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of every demographic description favor national service. another corollary finding is that most people believe that service, and that's whether the service is national or community, paid or unpaid, benefits the servers. people believe that, that it develops skills, enhances civic responsibility. they believe it benefits the persons, organizations, and communities where people serve by supplying direct services or performing vital work in the community. and they believe it benefits the wider society. that is, that it elevates citizenship, helps to model civic responsibility, helps to bridge, which we've heard a lot about this morning, socioeconomic, political, and other divides. so that's what the folks believe. but there is one caution here. and the caution is that for all the polls that have been done, the fact is we still have a relatively limited universe of polls, and they're not all entirely well-constructed and well-conducted. there are all kinds of stratification and sampling issues and
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interpretation issues and so forth. in fact, even if you compare the polling, the research, the survey research on national service to polling data and survey research on other not top, top line issues, it is a relatively anemic survey research literature. so what's needed there is a tune-up. if you're interested in that, you look at the appendix to our report, you'll find that we have some suggestions about how you could go about at a relatively inexpensive because good polls are expensive and doing them right is expensive how you might be able to improve survey research on national service. let me now turn quickly to the benefits of national service. we know i mean, we could probably fill this very nice room here at brookings with all the studies that have been done with looking at the benefits of national service, and the vast majority of those suggest that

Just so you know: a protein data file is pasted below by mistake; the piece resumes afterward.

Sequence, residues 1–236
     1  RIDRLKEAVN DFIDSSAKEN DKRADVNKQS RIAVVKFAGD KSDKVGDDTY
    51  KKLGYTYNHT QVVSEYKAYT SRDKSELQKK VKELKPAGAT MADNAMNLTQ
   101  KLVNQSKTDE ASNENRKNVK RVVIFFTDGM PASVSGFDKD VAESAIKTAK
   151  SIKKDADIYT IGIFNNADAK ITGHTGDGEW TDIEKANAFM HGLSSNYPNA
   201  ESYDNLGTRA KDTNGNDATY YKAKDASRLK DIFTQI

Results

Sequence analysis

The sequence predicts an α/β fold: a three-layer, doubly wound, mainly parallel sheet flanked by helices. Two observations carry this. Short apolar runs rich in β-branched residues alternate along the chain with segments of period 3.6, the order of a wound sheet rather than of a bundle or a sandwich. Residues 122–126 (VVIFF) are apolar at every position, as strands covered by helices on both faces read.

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national service works. but we need to make a couple of distinctions here. we know that volunteering works. we know compared to otherwise comparable people who volunteer, right, people who do the volunteering have higher life satisfaction, higher self-esteem, better self-rated health, better occupational and academic outcomes, longer lives. i'm getting to elder elder myself these days. longer lives and lots of other positive outcomes. but we need to remember that the evidence on the benefits of volunteering is not, of course, synonymous with the evidence on the benefits of volunteer programs per se or of national service programs in particular. so whether with respect to helping out at one's church or neighborhood school or community elder care facility or in other ways much of what counts and gets counted as volunteering occurs wholly outside the context of any regular commitments and any